.....Advertisement.....
.....Advertisement.....

Four dead in wake of Hurricane Michael

-A A +A

Virtually entire county without power

A curfew stayed in effect Thursday as nighttime plunged Gadsden County into darkness, the result of a Category 4 Hurricane Michael that rumbled through the Panhandle on Wednesday.

Virtually the entire county was without power as public works employees sought to clear roads from fallen trees, downed power lines and debris.

About 1,100 residents sought relief at one of three shelters that opened. Others braved the storm at home, and deputies were sent into neighborhood conducting wellness checks for worried friends and relatives, Gadsden County spokeswoman Olivia Smith said.

The phone number to call to ask the Gadsden Sheriff’s Office to make a welfare check is 850-875-8833.

Asked how many people in Gadsden were without power, sheriff’s Major Shawn Wood said: “Everybody.”

The sheriff’s office reported four hurricane-related deaths. One man was killed by a fallen tree on Wednesday, and details of the other deaths were unavailable pending next of kin, the sheriff’s office said on its Facebook page.

Officials were urging residents to stay put. By early evening, the county work crews had been able to clear many of the major roads.

Once the curfew is lifted, the county will issue a list of closed roads, Smith said.

The county was working with state government to bring water and ice to the community sometime Friday.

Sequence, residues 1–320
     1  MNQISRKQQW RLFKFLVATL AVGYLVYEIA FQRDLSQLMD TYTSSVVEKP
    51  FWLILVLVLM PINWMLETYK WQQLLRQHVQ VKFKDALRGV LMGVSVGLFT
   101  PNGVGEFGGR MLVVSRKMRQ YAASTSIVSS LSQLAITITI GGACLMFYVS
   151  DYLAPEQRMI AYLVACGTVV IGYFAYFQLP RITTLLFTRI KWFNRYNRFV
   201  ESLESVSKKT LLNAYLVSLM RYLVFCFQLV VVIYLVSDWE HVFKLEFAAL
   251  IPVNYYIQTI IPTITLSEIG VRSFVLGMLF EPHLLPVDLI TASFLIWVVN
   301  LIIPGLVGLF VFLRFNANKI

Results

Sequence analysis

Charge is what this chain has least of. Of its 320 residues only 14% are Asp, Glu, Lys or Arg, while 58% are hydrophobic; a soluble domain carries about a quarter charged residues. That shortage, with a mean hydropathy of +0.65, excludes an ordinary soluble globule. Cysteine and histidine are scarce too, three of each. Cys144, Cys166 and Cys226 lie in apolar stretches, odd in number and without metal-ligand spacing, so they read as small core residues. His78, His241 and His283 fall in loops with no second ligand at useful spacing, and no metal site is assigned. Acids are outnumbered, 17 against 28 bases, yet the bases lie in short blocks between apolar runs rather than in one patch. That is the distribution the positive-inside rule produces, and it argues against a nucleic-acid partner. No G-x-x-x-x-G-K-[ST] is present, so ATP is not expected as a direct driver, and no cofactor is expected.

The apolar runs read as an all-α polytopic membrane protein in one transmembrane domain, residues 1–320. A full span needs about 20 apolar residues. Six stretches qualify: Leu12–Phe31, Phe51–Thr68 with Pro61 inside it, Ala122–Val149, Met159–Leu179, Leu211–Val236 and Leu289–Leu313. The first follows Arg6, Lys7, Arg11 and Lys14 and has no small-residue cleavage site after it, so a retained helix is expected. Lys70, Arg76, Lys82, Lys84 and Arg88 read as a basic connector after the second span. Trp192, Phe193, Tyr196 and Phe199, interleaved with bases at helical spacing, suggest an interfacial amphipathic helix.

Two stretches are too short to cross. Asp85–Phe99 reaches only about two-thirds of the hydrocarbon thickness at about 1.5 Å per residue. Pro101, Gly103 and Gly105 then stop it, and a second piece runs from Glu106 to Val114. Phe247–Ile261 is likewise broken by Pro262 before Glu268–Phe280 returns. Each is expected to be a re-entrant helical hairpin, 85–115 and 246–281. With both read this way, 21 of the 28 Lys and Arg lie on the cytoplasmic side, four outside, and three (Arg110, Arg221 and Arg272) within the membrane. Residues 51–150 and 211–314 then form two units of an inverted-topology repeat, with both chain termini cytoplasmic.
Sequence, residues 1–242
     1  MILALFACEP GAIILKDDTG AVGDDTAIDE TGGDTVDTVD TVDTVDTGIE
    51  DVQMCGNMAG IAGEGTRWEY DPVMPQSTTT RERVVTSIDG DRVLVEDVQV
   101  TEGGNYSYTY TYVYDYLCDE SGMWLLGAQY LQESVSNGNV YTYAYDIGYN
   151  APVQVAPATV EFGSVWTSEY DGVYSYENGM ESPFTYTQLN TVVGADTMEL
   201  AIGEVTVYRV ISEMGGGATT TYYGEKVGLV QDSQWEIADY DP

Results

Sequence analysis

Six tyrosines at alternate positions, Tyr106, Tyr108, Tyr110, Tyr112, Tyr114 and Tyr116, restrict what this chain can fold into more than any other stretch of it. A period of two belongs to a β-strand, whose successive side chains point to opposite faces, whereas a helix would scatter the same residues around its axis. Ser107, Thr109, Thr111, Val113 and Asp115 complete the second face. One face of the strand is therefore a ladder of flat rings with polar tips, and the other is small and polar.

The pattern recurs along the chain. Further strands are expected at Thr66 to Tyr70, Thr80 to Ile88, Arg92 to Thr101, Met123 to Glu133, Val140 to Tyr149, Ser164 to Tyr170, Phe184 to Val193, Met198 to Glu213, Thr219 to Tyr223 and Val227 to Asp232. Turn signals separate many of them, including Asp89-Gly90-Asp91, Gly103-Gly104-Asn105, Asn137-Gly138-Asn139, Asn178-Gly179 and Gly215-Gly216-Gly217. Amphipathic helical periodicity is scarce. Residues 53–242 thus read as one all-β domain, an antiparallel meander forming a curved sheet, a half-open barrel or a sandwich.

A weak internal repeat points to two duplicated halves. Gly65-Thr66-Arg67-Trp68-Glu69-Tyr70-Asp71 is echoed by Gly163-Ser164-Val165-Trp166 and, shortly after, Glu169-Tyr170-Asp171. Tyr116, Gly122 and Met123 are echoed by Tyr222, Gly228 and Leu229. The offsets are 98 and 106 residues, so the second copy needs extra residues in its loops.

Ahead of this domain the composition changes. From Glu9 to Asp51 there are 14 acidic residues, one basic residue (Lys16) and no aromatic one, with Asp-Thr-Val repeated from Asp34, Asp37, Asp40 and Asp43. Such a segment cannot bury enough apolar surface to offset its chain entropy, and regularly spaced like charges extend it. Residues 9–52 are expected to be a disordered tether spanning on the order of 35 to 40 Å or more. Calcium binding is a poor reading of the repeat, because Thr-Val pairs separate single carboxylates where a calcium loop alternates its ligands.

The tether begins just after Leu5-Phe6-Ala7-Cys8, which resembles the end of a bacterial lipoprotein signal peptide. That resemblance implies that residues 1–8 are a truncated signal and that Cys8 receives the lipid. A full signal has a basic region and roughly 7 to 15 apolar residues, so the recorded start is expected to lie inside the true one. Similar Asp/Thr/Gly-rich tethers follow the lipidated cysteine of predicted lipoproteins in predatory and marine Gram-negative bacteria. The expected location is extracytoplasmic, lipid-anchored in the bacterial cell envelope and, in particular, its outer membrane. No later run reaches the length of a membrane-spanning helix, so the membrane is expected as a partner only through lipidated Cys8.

“We’ll try to feed thousands of people tomorrow,” Wood said Thursday night. “Gov. (Rick) Scott has been very good to us. They’ve got supplies coming in, help coming in.”

An alert went out Thursday night calling for volunteers to help at water distribution sites. To help, call 850-875-0153 or 850-627-0899. Volunteers will be needed at 8:30 a.m. Friday.

The Rev. Charles Morris, pastor of the New Bethel AME Church in Quincy, said workers did a great job Thursday opening up roads and clearing debris.

“The response has been great,” he said. “There were trees all over the place blocking traffic. They cleared the trees so that there’s reasonable passage.”

Nearly all the damage was wind-related.

“If trees didn’t fall on the homes, they’ll be in good shape,” Morris said. “It’ll just be a matter of cleaning them up.”

Wood said he viewed parts of the county on Thursday.

“It’s like every other major disaster we’ve had,” he said. “It’s like Katrina. It’s pretty bad.”A curfew stayed in effect Thursday as nighttime plunged Gadsden County into darkness, the result of a Category 4 Hurricane Michael that rumbled through the Panhandle on Wednesday. The mandatory curfew is from 11 p.m. to 7 a.m. This restriction does not apply to any law enforcement officers, military personnel assigned for hurricane disaster duties, emergency medical personnel, or any other individual or groups of individuals whose job/employment will assist with the public’s health, safety, or welfare (i.e. fuel delivery personnel, utility repair personnel, etc.)

Virtually the entire county was without power as public works employees sought to clear roads from fallen trees, downed power lines and debris.

About 1,100 residents sought relief at one of three shelters that opened. Others braved the storm at home, and deputies were sent into neighborhood conducting wellness checks for worried friends and relatives, Gadsden County spokeswoman Olivia Smith said.

Officials were urging residents to stay put. By early evening, the county work crews had been able to clear many of the major roads.

Once the curfew is lifted, the county will issue a list of closed roads, Smith said.

The county was working with the state government to bring water and ice to the community sometime Friday.

An alert went out Thursday night calling for volunteers to help at water distribution sites. To help, call 850-875-0153 or 850-627-0899. Volunteers will be needed at 8:30 a.m. Friday.

The Rev. Charles Morris, pastor of the New Bethel AME Church in Quincy, said workers did a great job Thursday opening up roads and clearing debris.

Nearly all the damage was wind-related.